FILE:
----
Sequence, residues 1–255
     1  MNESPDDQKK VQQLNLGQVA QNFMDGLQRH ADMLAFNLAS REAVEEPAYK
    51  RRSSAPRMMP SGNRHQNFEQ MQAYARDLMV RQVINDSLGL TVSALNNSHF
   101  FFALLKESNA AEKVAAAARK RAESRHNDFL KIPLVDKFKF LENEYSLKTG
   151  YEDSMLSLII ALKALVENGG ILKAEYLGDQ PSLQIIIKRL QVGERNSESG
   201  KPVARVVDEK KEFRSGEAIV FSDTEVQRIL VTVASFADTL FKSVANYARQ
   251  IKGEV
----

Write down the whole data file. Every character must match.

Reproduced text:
Sequence, residues 1–255
     1  MNESPDDQKK VQQLNLGQVA QNFMDGLQRH ADMLAFNLAS REAVEEPAYK
    51  RRSSAPRMMP SGNRHQNFEQ MQAYARDLMV RQVINDSLGL TVSALNNSHF
   101  FFALLKESNA AEKVAAAARK RAESRHNDFL KIPLVDKFKF LENEYSLKTG
   151  YEDSMLSLII ALKALVENGG ILKAEYLGDQ PSLQIIIKRL QVGERNSESG
   201  KPVARVVDEK KEFRSGEAIV FSDTEVQRIL VTVASFADTL FKSVANYARQ
   251  IKGEV